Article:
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GOP plots revenge on Legislative Audit Bureau, taxpayers will pay for it

[UPDATED at 3:40 p.m. on Wednesday, July 10, to add Assembly Speaker Robin Vos' position.]

The cheap thrill of retaliation has no place among elected officials who are paid to serve the public, not their egos. But some of Wisconsin’s Republican leaders are on a payback binge that’s noteworthy for the sweeping changes it will make to the nature of democracy in the state and the irreparable harm it will wreak on our quality of life.

The most disturbing recent Republican attack is on the non-partisan Legislative Audit Bureau, which has provided citizens and lawmakers alike with honest, reliable investigations of waste, fraud, abuse, inefficiencies, and cronyism in state government since 1966. Unsurprisingly, in doing so, the bureau has fallen into disfavor with Gov. Scott Walker and some of his supporters.

A series of LAB and external audits have found that Walker’s much-touted “job creation” agency — the Wisconsin Economic Development Corporation — lost track of $56 million worth of taxpayer-funded loans, lacked basic internal accounting controls and was staffed by unqualified Walker cronies.  LAB also found, among other shocking problems, that WEDC had written off more than $7.6 million in loans, including a $500,000 loan to an unqualified company owned by a major Walker donor.

Auditors discovered that WEDC didn’t even require the beneficiaries of its largesse to create jobs in Wisconsin and didn’t track the results of the loans that it made.

So now, in typical Walker fashion, he and his colleagues want to eliminate the bipartisan, fact-finding bureau and instead empower the Assembly speaker and the Senate majority leader — in other words, partisan leaders — to appoint investigators at their discretion. There’s nothing to compel those leaders to launch fair, impartial investigations that might harm their interests.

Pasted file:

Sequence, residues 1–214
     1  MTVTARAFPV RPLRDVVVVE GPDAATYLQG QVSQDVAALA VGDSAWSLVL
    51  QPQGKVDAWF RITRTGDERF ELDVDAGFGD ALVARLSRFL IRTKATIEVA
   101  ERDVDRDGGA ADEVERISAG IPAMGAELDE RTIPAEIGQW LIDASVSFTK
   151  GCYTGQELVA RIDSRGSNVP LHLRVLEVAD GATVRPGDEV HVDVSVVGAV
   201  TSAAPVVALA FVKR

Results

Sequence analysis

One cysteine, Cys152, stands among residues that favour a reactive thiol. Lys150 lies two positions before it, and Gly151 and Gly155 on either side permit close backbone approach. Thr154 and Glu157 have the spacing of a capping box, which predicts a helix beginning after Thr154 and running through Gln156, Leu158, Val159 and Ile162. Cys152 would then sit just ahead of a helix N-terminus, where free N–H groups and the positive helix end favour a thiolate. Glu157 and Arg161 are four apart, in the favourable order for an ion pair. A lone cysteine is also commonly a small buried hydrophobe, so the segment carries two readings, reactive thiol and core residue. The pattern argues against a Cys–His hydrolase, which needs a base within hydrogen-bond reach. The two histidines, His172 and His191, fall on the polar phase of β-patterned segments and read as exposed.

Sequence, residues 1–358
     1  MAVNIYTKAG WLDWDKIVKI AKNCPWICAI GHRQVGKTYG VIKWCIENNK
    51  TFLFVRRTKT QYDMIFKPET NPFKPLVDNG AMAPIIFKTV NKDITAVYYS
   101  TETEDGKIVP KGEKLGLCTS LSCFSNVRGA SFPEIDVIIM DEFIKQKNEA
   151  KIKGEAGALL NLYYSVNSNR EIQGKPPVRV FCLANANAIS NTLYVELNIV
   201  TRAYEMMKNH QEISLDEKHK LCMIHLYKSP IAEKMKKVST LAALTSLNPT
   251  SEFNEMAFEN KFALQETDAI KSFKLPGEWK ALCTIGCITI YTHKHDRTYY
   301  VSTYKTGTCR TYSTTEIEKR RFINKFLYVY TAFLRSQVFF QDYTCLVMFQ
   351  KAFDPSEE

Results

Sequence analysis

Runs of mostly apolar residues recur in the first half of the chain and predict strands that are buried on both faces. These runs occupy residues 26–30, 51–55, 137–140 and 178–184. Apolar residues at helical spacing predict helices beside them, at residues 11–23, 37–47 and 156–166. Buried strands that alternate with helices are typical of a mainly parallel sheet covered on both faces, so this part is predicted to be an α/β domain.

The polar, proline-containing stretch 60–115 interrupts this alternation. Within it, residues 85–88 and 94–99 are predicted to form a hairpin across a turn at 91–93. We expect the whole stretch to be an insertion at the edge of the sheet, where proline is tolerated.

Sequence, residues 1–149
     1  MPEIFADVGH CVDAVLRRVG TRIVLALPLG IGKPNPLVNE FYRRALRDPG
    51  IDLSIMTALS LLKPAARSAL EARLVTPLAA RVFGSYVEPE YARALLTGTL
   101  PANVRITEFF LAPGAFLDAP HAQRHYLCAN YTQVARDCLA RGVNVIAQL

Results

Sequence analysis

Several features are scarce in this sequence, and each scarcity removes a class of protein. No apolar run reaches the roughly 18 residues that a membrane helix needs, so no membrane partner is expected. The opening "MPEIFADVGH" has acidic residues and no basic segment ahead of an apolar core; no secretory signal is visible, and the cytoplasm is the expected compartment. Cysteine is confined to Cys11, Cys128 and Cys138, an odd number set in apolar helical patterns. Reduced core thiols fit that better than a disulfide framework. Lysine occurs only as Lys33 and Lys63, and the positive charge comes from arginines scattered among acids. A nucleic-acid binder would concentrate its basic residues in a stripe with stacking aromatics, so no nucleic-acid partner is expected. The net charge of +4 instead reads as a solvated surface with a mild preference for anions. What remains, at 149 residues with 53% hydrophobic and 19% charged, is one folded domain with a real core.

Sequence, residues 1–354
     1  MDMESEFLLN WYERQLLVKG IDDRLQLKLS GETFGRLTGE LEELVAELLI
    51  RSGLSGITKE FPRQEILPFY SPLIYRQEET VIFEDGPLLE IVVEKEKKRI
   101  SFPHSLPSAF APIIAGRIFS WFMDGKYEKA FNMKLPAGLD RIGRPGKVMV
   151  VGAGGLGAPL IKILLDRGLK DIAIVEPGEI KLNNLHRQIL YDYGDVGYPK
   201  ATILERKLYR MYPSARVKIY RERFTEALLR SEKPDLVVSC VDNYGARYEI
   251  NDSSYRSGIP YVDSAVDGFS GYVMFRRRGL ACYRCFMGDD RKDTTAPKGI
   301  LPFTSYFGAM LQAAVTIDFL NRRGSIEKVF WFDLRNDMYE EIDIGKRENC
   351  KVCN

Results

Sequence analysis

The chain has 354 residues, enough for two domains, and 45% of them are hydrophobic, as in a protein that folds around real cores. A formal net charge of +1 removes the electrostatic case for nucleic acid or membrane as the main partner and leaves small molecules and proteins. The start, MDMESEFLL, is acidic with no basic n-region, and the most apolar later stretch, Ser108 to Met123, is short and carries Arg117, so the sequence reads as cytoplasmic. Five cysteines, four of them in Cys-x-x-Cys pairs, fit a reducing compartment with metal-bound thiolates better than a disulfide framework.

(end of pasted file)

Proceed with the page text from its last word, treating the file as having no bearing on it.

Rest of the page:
Aside from investigating WEDC, the bureau has conducted numerous other audits that have provided lawmakers with information that’s critical to budget planning and policy-making decisions.

Assembly Speaker Robin Vos has said he will never support eliminating the LAB, and we urge readers to contact him directly and support his stance — and to hold him to it.

Besides eliminating the LAB, Walker and legislative Republicans have also decided to fire scientists from the Department of Natural Resources who worked on issues related to climate change, pollution and mining. The GOP has been out to get the state’s environmental scientists ever since they refused to automatically green-light an iron ore pit mine in northern Wisconsin that could have devastated the area’s watershed and polluted Lake Superior.

Walker was humiliated over DNR scientists’ insistence on researching the consequences of the mine, because the mining company that proposed the project had given him $700,000. He’d empowered representatives of the company to rewrite the state’s mining regulations so the project could move forward.

There are numerous other examples of Walker dishing out payback lessons, possibly including his elimination of state funding for the Wisconsin Transportation Alternatives Program, which supported projects for cycling and walking paths. He also floated the idea of imposing a tax on bike sales to pay for bike lanes on roadways.

Both actions were seen as retaliation against his 2014 Democratic gubernatorial opponent Mary Burke, whose family owns Trek Bicycle.  That might sound too petty to be true, but sadly it’s not. Apparently, nothing is.

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